Lesbian couple dies after man sets fire to Buenos Aires guesthouse room

Protests have erupted across Argentina in recent weeks after transgender people were fired from government jobs.

President Javier Milei’s action is in stark contrast to the progress recorded in 2023, where the government’s hiring of trans people increased by 900 percent under the trans labor quota law in force since 2021 .

Among those affected is Sofia Diaz, a “survivor” who shared her testimony with the Washington Blade hours after traveling from Chaco province to Buenos Aires to protest her dismissal.

Presentes, an LGBTQ news agency, reported that the government had fired more than 85 trans employees in less than two weeks.

Diaz, 49, has a degree in combined arts. She joins the National Social Security Administration (ANSES) in 2022 as part of the law on the integration of trans people into the workplace. The layoffs began in January and left many people uncertain and anxious. It was his turn a few days ago.

Diaz recounted in an interview how the situation became progressively more complicated, with difficulty accessing information about his employment status and eventual confirmation of layoffs via WhatsApp messages. This government action, according to Diaz, violates the law.

“We were in the office on a Friday, March 24 I think, and we have a WhatsApp group of other colleagues from all over Argentina who entered through the trans work quota and they tell us if we can get our pay slips on the intranet. “, remembers Diaz. “So I tried to get in, I couldn’t, I spoke to two other colleagues and they told me no, they couldn’t, and so we went to another person’s house. He couldn’t do it either.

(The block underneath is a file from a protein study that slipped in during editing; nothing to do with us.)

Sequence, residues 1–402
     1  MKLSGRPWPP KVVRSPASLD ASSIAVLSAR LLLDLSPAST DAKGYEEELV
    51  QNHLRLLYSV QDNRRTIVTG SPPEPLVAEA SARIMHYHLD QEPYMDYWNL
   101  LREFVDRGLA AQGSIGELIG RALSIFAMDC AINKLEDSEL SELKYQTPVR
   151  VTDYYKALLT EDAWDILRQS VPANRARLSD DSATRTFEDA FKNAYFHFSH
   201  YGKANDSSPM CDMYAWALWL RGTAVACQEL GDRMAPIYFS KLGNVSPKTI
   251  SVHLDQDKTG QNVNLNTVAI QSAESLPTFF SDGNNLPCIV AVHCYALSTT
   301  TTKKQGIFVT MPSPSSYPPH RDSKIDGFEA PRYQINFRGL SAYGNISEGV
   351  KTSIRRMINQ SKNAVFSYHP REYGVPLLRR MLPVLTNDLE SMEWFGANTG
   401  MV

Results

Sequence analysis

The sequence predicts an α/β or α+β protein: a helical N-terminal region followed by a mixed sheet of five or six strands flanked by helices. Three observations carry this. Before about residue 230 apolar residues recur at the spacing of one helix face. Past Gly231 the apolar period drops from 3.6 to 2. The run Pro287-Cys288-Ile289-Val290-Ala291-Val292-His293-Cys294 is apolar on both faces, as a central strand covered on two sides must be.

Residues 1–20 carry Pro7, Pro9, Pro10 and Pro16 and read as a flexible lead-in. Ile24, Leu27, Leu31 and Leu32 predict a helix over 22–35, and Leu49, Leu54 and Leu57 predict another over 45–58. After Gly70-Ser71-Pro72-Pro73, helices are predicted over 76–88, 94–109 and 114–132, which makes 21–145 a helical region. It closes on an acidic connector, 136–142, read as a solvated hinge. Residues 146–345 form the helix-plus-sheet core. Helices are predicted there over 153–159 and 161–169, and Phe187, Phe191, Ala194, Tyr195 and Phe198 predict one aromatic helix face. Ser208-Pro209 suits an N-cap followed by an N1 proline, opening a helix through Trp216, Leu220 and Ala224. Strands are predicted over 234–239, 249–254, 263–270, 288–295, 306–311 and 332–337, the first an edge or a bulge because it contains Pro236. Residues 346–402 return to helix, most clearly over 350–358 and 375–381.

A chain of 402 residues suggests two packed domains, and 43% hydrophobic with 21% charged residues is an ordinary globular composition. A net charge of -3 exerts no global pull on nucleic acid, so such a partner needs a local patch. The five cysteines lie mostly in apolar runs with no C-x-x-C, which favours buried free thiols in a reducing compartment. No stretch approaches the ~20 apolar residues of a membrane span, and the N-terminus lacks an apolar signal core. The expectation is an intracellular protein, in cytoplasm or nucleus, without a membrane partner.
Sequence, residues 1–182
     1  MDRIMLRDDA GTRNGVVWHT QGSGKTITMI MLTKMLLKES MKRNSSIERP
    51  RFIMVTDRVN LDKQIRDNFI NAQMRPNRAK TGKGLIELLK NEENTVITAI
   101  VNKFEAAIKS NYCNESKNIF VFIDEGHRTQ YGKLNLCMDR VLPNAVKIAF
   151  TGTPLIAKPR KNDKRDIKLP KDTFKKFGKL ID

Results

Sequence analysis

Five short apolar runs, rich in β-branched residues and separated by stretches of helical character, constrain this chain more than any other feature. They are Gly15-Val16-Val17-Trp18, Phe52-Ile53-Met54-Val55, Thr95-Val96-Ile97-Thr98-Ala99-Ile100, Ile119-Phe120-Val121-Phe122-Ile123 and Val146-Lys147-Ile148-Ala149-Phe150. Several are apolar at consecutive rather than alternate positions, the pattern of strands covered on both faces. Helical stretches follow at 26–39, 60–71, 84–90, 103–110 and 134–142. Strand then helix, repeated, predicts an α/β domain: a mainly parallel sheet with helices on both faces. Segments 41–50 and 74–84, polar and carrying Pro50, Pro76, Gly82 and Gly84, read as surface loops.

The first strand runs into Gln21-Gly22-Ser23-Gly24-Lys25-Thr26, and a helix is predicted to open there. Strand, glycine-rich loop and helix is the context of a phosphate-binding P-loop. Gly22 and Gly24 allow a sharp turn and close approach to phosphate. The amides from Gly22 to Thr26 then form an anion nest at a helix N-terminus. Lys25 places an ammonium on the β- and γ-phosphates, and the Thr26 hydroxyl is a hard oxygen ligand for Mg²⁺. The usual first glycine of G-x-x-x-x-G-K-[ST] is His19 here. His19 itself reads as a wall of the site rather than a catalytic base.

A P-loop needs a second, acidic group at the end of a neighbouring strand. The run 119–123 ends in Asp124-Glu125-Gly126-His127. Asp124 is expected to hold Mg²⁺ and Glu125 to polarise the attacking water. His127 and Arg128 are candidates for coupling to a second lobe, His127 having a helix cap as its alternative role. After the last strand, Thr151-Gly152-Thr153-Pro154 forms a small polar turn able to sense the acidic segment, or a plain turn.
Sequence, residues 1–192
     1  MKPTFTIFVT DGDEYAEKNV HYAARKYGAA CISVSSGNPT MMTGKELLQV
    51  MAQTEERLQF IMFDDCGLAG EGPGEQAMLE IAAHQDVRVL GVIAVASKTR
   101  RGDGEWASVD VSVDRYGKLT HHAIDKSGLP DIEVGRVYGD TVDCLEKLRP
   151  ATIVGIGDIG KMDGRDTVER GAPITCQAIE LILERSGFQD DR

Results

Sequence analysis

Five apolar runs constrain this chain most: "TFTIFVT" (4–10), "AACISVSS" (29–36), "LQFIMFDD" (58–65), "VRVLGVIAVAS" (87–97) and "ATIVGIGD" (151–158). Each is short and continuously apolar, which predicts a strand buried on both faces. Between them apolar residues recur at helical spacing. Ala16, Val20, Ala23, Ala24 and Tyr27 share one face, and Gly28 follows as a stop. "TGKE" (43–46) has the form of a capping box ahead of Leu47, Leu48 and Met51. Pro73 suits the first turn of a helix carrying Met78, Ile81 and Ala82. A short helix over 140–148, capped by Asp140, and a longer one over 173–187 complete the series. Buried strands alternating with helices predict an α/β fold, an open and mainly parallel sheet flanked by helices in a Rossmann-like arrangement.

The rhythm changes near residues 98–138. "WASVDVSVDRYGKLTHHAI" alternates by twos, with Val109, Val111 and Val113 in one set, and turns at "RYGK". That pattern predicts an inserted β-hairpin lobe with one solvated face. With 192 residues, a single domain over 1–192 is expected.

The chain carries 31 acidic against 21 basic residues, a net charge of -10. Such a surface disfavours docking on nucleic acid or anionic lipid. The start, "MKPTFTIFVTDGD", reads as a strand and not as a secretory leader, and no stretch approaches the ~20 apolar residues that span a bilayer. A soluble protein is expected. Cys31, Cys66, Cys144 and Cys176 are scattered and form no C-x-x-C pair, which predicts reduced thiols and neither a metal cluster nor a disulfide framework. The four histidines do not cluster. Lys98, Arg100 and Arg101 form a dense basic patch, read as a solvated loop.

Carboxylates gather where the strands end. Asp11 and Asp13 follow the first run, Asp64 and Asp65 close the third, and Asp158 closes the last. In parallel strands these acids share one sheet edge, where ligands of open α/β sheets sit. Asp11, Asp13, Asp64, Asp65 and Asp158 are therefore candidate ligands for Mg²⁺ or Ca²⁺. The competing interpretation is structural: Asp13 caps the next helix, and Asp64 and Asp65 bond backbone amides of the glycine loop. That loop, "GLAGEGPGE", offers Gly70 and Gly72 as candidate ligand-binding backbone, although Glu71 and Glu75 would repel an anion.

“Some people have told us it could be a system error. Well, we have never been calm, let’s not say how this issue of the installation of fear and the perversion with which they do it ends, “she added. “This sadism of… inflicting pain and speculating on one’s misfortune, etc.… is something that characterizes the government of Javier Milei.”

Diaz recalled that a list of those fired from the agency began circulating from the union in the afternoon. A colleague forwarded it to him: “well, unfortunately, I was on that list too.”

“At that point, the whole weekend passed in anguish, tears and discussions with other colleagues from other places, not only trans, but everyone, everyone and everything the world,” she said. “On Monday when we went to try to get in, we couldn’t get in with the biometric, which is the thumb that we had to use every morning to get in.”

Despite the difficult time she is going through, the trans activist stressed to the Blade that she will continue to protest and will even take the government to court because her dismissal is illegal and “violates the constitution itself”.

The LGBTQ community and its allies mobilized and organized protests, emphasizing the importance of defending acquired rights and fighting discrimination and exclusion. Diaz stressed that the fight is not only for those affected today, but also for future generations, saying that the historical memory of struggles for inclusion and social justice must be preserved.

“The Argentine government therefore faces a major challenge in human and labor rights, where public pressure and social mobilization can play a decisive role in protecting the rights of LGBTQ+ people,” Diaz said.